I recall when the current occupant of the White House was campaigning as the “law and order” candidate. I was disaffected then, knowing such bluster was disconnected from any genuine commitment or cogent plan to stay the hail of bullets in America. I am disgusted now, as more massacres of unsuspecting innocents punctuate the drowsy lassitude of mid-summer like lightning searing the sky.
I am disgusted, but numb. Mass murder is as mundane as pancakes here. Let’s admit it: it hacks at us now like a scalpel through anesthetized skin. We are just vaguely aware. Wake us up, and we will mouth something about “thoughts and prayers,” and then dissipate back into fog and futility.
Unless, this time, you are there- or your child is there. Or your wife, or brother; husband or sister or grandchild. Shopping at Walmart. Then we wake with pain into the solidarity of the national nightmare.
Otherwise, we zombie on, amidst the guns and bullets; the blood and bravado about law and order. Waiting our turn, perhaps, to feel what it would mean to feel something.
As a public health physician, I should talk about the guns- but what’s the point? We so obviously have greater priorities here than bloody, mangled holes through people who were once people like us before becoming bloody, mangled statistics. We so clearly care more about money, or votes, or ideology, or just the inertia of defending the familiar, no matter the scope and horror of its failure and futility. And so, really, I have no hope left of anything but failure in raising the topic of guns, and the better policies of the better angels of the better nature of every other civilized nation on the planet.
Let’s leave all that to the angels, and wish them luck. I’ll talk about our nature instead.
We rule, and not by accident. Yes, to some extent, Nature is red in tooth and claw, and yet- we rule. That tells us all we need to know.
We are ruthless when it serves us to be so. We are prone to violence that placates our motivations. We are tribal, and insular, and territorial, and never more than a shudder away from xenophobia. We are always us, looking out for them. Them…could be anyone.
So, no- have it your way- it’s not about the guns. Or the bullets. They just make us better in the service of the native impulse to…hate. They just raise the cost of this tariff levied against the human character.
We are here, kings of the mountain of carnage all, by our rapacious nature. Perhaps we must concede to brute biology the ruthless propensities that saw us so prevail if ever we are to prevail over them.
It wasn’t you this time, buying barbecue charcoal in El Paso. This time it wasn’t me. But it was our sisters, and our brothers. It was our cousins.
Next time, it may be me, or you. For sure, it will be our sister and cousins and brothers again. Buying lighter fluid, or paper plates; sunscreen or sangria. Whether next time it is us or them- it will be us, either way.
That’s the decision. To see past the native numbness that brought us here, and nurture the capacity to feel a common pain.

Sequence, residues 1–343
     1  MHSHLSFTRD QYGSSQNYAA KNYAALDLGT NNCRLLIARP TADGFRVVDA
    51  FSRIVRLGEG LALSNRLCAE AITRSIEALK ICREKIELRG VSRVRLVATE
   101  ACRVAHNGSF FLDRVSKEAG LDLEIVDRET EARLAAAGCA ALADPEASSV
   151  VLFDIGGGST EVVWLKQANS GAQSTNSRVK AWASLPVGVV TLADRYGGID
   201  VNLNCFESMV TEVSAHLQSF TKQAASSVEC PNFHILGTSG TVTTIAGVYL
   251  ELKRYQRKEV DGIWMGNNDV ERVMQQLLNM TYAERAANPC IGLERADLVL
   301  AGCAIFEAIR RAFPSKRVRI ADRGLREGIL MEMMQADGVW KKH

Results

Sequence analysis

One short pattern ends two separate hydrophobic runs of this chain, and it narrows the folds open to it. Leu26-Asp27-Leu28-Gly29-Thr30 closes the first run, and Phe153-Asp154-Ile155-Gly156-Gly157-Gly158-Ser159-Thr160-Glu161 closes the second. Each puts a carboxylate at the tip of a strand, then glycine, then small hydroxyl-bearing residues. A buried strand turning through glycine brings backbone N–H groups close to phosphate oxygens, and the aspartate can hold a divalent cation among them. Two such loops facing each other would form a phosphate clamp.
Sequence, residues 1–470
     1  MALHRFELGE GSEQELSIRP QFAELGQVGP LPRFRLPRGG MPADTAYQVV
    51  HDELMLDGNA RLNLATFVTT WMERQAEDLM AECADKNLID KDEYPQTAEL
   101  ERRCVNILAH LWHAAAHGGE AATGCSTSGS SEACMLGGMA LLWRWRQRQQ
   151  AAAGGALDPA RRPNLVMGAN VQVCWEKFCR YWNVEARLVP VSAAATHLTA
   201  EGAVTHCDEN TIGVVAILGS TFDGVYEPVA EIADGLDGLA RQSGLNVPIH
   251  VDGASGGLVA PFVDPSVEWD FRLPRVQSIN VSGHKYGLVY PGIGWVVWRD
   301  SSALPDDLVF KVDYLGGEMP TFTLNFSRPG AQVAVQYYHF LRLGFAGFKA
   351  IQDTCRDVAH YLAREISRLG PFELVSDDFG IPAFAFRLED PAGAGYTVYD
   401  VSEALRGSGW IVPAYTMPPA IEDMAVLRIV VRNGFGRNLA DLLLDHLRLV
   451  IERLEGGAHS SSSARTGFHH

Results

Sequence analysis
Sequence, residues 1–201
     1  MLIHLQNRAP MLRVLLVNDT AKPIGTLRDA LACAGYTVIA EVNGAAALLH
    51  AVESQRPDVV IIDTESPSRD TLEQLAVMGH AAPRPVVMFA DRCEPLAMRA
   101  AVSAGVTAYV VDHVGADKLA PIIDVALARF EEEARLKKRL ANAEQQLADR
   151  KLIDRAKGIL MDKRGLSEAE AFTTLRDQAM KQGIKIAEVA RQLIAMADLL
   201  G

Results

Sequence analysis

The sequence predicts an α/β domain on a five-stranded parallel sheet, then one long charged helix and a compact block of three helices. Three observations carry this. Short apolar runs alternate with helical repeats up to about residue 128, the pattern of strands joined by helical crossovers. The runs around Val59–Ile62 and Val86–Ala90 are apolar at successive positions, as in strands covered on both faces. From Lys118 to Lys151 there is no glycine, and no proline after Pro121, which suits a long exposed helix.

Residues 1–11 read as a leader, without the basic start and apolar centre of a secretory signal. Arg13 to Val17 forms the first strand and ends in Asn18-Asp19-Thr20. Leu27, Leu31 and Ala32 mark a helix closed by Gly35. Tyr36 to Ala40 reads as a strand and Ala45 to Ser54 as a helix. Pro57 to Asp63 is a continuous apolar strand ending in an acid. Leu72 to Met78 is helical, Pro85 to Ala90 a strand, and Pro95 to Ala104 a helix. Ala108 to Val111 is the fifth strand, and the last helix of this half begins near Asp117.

Compared to the biological diversity among strains of bacteria, all other life on earth is more alike than different, from pangolins to pine trees. Compared to all other life on earth, humans are so indistinguishably the same that even “family” fails to capture it. In the phylogeny of life here- kingdom, phylum, class, order, family, genus, species – we are two degrees closer to one another than merely “family.”
Guns, and bullets, and pancakes for breakfast are mundane in America. Law and order is so much rhetorical bravado. Thoughts and prayers are the listless gestures of the nearly numb and barely conscious. And violence and easy hate are in our nature, or our family would not rule all the rest.
Rule, we do. A family we are. We could choose to see it. We could nurture those disparate angels of our common nature, awaken to the family resemblance they all share.
We could decide that hate should not prevail, that evil should not triumph.
Or we can do nothing, and feel nothing, and wait.
David L. Katz, MD, MPH, FACPM, FACP, FACLM, is the Founding Director (1998) of Yale University’s Yale-Griffin Prevention Research Center, and current President of the American College of Lifestyle Medicine. He has published roughly 200 scientific articles and textbook chapters, and 15 books to date, including multiple editions of leading textbooks in both preventive medicine, and nutrition. He has made important contributions in the areas of lifestyle interventions for health promotion; nutrient profiling; behavior modification; holistic care; and evidence-based medicine. David earned his BA degree from Dartmouth College (1984); his MD from the Albert Einstein College of Medicine (1988); and his MPH from the Yale University School of Public Health (1993). He completed sequential residency training in Internal Medicine, and Preventive Medicine/Public Health. He is a two-time diplomate of the American Board of Internal Medicine, and a board-certified specialist in Preventive Medicine/Public Health. He has received two Honorary Doctorates.